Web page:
Member for Isaacs

International Holocaust Remembrance Day

05 September 2022

Tackling racism and prejudice—including anti-Semitism—is everyone's responsibility, and, as Attorney-General in the new Albanese government, I will be looking for ways in which the Commonwealth can do more to combat antisemitism.



I thank the member for Macnamara for moving this motion, which I wholeheartedly support.

I would like, as have other speakers, to acknowledge the work of the Gandel Foundation, which commissioned the Gandel Holocaust Knowledge and Awareness in Australia Survey, Australia's first comprehensive survey of Holocaust knowledge and awareness. The results of the survey were published in January of this year. While many of the findings are encouraging and even positive, the research team identified some worrying gaps in the community's knowledge of the Holocaust.

As the member for Macnamara notes in the motion, 27 January 2022 marked 77 years since the liberation of Auschwitz. Seventy-seven years—it's not so long ago. I am only standing here today because my father fled Nazi Germany as an 11-year-old boy, along with his older brother, Richard. They arrived at Station Pier in Melbourne in July 1939. Their parents, my grandparents, also managed to escape the Nazis, arriving in Australia as stateless persons in late December 1939. Three of my great-grandparents could not be convinced to leave Germany. They perished in the Holocaust.

I acknowledge that there are other members in this place, on both sides of the chamber, who, like me, owe their lives to the fact that one or more of their family members managed to escape the Nazis and find refuge in Australia. This is only recent history.

Yet, as the motion states, the national survey commissioned by the Gandel Foundation has revealed that nearly one-quarter of Australians have little or no knowledge of the Holocaust. This is despite Australia being home to one of the largest populations of Holocaust survivors per capita in the world.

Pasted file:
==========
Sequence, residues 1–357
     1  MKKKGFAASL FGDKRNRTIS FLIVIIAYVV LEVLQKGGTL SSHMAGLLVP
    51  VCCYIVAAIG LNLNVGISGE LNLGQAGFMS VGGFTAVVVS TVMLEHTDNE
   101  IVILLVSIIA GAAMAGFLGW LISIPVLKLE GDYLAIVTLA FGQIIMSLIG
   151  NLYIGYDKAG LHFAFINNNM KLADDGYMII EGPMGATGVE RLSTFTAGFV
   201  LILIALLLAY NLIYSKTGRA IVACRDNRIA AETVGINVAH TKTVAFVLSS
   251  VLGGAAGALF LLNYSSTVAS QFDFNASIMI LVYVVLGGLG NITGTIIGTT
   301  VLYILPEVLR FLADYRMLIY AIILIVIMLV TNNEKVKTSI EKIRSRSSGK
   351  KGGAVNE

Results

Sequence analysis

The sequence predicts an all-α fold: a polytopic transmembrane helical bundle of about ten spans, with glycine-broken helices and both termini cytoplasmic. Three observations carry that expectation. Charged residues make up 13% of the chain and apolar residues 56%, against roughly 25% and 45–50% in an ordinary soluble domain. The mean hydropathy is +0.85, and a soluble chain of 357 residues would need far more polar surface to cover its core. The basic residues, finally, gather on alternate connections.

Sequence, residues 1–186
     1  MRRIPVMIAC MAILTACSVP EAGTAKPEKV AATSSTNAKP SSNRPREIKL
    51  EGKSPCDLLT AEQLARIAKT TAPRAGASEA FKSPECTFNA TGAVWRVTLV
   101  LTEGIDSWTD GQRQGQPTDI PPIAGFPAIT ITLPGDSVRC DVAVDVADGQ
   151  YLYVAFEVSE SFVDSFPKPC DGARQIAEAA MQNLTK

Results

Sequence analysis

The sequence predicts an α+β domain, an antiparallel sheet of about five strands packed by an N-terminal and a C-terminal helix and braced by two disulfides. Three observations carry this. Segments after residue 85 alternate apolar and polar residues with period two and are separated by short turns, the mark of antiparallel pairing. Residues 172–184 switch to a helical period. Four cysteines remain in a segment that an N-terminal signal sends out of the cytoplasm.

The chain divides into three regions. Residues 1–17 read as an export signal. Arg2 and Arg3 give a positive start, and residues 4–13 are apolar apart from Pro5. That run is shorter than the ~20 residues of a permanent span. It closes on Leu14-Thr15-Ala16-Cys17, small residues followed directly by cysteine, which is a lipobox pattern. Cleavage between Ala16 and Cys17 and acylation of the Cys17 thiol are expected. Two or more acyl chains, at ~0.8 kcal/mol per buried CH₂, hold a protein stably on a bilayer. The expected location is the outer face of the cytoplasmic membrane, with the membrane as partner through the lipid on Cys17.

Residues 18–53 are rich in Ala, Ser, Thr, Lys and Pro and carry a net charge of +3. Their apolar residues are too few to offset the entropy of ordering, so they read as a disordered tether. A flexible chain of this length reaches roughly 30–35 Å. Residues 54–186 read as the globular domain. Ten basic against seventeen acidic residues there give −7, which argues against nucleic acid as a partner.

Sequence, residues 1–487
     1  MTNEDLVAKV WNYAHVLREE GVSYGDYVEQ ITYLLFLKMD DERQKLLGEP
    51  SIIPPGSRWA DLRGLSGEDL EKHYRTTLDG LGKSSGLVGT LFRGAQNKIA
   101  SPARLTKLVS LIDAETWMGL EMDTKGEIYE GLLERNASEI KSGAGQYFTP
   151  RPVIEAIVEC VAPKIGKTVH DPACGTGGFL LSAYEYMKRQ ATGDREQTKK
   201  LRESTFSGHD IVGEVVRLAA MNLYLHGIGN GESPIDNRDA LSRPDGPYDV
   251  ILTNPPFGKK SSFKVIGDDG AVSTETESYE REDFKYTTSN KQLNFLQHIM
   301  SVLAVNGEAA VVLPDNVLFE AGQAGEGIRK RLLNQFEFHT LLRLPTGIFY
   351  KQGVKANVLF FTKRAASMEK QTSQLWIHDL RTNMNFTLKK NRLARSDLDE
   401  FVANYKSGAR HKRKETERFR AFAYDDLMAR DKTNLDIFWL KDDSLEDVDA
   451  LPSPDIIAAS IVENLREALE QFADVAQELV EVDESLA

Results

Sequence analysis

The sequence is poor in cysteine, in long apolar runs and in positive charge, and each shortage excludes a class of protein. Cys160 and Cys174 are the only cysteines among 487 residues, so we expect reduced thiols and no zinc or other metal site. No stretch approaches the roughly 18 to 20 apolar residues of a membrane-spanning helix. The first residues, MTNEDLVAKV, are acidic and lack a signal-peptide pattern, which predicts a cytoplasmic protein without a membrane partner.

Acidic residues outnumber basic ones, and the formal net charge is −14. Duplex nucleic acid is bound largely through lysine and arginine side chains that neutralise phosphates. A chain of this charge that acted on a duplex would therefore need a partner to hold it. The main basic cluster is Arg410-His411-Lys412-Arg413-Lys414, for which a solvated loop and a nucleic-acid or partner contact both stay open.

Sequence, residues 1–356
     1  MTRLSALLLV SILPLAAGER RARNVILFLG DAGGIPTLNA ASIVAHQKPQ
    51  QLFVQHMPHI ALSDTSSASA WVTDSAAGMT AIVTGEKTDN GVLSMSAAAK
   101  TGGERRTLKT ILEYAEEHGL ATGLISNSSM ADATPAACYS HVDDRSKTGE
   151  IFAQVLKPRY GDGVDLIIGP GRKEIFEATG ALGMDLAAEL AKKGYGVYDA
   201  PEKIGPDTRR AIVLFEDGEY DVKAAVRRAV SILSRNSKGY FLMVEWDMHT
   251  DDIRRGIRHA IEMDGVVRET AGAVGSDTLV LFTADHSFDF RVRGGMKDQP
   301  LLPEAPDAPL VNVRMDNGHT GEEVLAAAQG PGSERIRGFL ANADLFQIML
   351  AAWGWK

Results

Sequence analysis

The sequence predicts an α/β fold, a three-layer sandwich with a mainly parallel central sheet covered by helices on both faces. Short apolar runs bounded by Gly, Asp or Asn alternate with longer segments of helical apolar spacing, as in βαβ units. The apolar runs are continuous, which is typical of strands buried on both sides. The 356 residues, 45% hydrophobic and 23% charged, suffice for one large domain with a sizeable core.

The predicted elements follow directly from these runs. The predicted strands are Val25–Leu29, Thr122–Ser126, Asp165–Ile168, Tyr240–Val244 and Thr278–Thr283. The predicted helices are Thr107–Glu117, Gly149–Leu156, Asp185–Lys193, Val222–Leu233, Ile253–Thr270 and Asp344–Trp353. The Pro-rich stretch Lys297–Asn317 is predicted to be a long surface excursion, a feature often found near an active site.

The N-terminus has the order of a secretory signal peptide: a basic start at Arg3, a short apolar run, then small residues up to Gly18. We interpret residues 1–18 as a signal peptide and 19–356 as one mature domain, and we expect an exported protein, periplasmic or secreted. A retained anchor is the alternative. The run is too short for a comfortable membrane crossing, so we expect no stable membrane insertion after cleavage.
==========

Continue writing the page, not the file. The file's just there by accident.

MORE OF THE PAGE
This ignorance has consequences. It breaks my heart to have read reports over the last week of Jewish students at a private school in Sydney being bullied by other students performing Nazi salutes. That followed earlier reports which found that such bullying has become increasingly common in our schools. Do these bullies—these children—understand the significance of these actions? Such incidents should be unthinkable in modern Australia, and yet the number of reported anti-Semitic incidents in this country continues to rise.

And it's not just Australia. According to the Annual Report on Antisemitism Worldwide 2021, released by Tel Aviv University, anti-Semitic incidents have increased dramatically across the world in recent years. This report offers a number of explanations for this, including the proliferation of harmful anti-Semitic discourse on social media since the beginning of the COVID-19 pandemic.

Of course, we cannot blame these incidents and worrying trends on ignorance of the Holocaust alone. But ignorance is part of the story, and I join the member for Macnamara in endorsing the work of the International Holocaust Remembrance Alliance in promoting Holocaust education and combating antisemitism around the world. Closer to home, I applaud the move in 2020 by my home state of Victoria to join New South Wales in making Holocaust education a mandatory aspect of their school curriculum, and I encourage other states and territories to follow suit.

Tackling racism and prejudice—including anti-Semitism—is everyone's responsibility, and, as Attorney-General in the new Albanese government, I will be looking for ways in which the Commonwealth can do more to combat antisemitism.

I acknowledge the work of the former member for Kooyong Josh Frydenberg, who, as Treasurer, provided funding for Holocaust museums and education centres across Australia. 'Never forget' and 'never again' are phrases that are often associated with Holocaust remembrance. We must ensure they never become mere slogans.

We must, as individuals and as a community, remember the Holocaust in order to honour the memory of the victims—not only the six million Jewish victims but also the millions of others who perished, including homosexuals, people with intellectual disabilities and political prisoners.

We must remember the Holocaust to honour the survivors of the Nazi regime—those who are no longer with us and those still alive today, including my father, who celebrated his 94th birthday in July.

We must remember, because it's only by learning the lessons of the Holocaust we can ensure it never happens again.